Chinese Officials Will Fight 'Until The End', Trade War Speculation Emerges

Further suppression of Chinese yuan strength continued during the session as Wu Yi, China’s most senior trade official, pledged to fight current WTO sanction submissions by the US. Stating that officials will be “fighting until the end”, Wu accused US policymakers as ignoring recent efforts by the Chinese government to crack down on piracy and trademark infringements. As late as last month, China’s government has instituted increased pressure on copyright infringement, which costs the US entertainment industry billions of dollars in revenue. Currently, the State Intellectual Property Office is revising current laws, hoping to create stricter standards throughout the country in the near term. “China’s government is strongly dissatisfied with the move, but we have decided to play by the WTO rules and respond actively on this issue. We will fight to the end.” Incidentally, the most recent comments underscore the potential for a trade war as Chinese officials have been rather quiet until now. The stricter stance is boosting speculation that revaluation is an unlikely scenario, helping to weaken the underlying currency. Now trading at 7.7269, the currency may be under further pressure heading into the London session.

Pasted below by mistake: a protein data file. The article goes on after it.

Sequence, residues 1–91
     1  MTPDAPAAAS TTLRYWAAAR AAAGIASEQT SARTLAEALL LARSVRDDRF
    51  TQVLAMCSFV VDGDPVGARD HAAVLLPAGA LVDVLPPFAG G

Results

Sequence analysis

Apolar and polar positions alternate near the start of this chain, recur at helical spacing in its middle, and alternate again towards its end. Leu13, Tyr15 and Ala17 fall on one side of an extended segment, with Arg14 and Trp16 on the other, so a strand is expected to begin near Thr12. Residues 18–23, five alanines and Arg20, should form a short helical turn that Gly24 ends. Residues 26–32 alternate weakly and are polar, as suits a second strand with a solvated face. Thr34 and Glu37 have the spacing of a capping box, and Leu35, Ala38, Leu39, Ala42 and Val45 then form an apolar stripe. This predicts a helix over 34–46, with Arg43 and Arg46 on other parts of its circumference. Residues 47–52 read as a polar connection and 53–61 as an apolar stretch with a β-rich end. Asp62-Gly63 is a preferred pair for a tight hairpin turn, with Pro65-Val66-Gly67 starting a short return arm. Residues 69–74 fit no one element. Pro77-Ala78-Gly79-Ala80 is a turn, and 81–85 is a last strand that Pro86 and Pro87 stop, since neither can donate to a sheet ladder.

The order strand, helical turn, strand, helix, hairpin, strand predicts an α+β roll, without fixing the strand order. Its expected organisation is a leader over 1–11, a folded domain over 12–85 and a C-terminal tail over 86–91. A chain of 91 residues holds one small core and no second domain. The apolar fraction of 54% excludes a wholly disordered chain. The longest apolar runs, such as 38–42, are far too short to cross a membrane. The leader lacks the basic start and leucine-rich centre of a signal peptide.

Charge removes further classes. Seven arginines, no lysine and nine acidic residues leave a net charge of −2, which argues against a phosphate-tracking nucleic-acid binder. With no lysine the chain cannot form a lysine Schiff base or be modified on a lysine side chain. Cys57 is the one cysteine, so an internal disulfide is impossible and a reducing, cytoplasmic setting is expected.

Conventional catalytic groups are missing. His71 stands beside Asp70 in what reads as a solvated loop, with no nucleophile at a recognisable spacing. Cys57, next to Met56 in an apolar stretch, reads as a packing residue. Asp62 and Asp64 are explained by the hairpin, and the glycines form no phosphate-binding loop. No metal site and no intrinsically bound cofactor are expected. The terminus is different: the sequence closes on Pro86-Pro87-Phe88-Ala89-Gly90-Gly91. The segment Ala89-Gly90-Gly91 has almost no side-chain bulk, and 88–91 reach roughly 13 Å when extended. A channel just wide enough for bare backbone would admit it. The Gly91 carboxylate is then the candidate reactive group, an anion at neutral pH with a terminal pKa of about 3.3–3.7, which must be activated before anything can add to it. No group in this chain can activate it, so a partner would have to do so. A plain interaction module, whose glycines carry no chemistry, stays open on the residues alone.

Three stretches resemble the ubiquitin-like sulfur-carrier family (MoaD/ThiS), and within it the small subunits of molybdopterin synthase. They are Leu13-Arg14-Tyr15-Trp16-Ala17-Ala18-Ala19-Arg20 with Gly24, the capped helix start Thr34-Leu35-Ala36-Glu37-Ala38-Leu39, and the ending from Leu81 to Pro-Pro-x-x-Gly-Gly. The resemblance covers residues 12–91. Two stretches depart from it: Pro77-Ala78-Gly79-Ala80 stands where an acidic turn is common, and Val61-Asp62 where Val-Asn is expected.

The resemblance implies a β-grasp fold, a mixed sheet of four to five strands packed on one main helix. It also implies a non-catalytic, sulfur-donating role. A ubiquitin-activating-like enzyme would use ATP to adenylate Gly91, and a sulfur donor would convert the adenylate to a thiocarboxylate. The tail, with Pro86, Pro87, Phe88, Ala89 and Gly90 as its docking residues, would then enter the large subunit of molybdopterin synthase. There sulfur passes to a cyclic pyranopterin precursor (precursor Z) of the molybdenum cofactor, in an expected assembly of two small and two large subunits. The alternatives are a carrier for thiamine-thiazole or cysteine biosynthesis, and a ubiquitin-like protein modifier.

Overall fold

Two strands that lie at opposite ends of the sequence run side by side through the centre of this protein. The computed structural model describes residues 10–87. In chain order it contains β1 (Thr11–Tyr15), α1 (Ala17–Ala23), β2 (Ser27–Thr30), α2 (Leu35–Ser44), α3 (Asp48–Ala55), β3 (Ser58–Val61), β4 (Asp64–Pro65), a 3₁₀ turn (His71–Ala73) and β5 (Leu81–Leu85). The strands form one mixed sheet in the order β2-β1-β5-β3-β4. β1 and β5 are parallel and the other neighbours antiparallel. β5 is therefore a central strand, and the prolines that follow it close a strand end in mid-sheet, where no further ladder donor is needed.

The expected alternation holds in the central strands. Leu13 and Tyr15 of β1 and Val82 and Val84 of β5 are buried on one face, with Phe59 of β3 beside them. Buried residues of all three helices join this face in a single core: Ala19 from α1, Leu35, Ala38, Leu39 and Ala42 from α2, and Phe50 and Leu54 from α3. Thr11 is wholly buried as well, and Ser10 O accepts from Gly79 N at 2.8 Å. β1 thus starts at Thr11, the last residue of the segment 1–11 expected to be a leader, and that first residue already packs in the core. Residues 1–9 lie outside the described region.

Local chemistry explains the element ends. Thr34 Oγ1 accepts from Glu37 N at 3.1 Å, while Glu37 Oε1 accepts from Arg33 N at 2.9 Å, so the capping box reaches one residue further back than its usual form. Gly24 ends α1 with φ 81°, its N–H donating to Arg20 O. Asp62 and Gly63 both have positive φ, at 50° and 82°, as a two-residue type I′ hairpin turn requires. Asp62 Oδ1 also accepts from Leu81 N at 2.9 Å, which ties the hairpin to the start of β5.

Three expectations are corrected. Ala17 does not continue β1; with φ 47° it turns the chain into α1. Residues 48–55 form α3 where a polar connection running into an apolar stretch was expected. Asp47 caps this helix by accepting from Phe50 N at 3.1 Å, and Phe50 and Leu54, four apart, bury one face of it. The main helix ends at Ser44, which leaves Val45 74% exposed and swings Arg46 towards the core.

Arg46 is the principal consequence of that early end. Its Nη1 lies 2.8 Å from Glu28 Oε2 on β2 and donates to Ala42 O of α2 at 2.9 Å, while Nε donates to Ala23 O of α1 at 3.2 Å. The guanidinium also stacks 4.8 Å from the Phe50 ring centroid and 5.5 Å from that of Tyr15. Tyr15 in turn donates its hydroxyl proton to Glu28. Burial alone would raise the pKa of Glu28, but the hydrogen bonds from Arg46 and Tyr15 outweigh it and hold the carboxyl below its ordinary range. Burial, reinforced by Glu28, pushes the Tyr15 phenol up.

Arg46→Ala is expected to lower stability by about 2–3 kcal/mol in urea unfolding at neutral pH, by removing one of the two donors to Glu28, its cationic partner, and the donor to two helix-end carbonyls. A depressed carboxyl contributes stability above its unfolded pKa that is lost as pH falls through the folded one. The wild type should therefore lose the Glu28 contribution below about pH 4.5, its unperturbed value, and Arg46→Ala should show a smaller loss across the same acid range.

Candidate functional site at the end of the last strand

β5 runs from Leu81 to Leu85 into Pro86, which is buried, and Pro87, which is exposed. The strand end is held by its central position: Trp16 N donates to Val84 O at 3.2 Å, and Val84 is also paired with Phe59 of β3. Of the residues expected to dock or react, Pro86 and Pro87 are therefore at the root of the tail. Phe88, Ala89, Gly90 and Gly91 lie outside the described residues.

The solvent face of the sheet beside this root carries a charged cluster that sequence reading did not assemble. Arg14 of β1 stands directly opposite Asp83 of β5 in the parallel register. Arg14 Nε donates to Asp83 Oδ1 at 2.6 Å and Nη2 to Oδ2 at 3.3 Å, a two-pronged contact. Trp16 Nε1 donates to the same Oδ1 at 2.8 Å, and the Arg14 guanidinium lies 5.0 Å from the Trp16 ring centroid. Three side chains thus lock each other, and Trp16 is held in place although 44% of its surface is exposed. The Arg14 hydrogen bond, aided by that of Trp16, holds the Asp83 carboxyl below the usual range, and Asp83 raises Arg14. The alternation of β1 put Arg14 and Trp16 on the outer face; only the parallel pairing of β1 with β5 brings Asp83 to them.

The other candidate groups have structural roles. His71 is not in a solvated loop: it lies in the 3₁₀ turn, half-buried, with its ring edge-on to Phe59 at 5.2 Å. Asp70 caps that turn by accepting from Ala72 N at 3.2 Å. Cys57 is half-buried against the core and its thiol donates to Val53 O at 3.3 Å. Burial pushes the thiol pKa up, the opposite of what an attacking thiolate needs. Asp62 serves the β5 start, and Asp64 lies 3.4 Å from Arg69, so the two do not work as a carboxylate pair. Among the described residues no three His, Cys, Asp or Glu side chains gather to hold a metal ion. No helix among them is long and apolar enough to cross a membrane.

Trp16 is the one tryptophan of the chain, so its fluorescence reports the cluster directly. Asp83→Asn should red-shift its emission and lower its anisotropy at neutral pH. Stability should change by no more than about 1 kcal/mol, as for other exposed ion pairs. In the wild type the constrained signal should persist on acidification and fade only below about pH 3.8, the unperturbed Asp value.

With a dearth of data, the Hong Kong dollar was under pressure despite an advancing stock market. The USDHKD currency pair rose as high as 7.8174 in New York, breaking through key resistance at the 7.8150 figure. Hong Kong shares rose, led by major oil producers after crude oil contracts tested the $66 a barrel price. Companies like Cnooc Ltd. gained, with shares adding 2 cents to close at HK$6.82. PetroChina shares also gained on the day, rising 0.1 percent to HK$9.02. Countering overall market optimism, however, were exporters. With oil prices higher, concerns emerged over the likelihood that US consumption would deteriorate. As a result, Li & Fung, which sells goods directly to Wal-Mart stores, dipped 45 cents to close at HK$25.00. Notably, China Life stock resumed trading after yesterday’s suspension. Shares were halted yesterday after it was revealed that the company plans to sell 19.9 percent of itself to Citigroup, according to the Hong Kong Economic Journal. Ultimately, the Hang Seng was able to add 16.23 points to close higher at 20,572.80.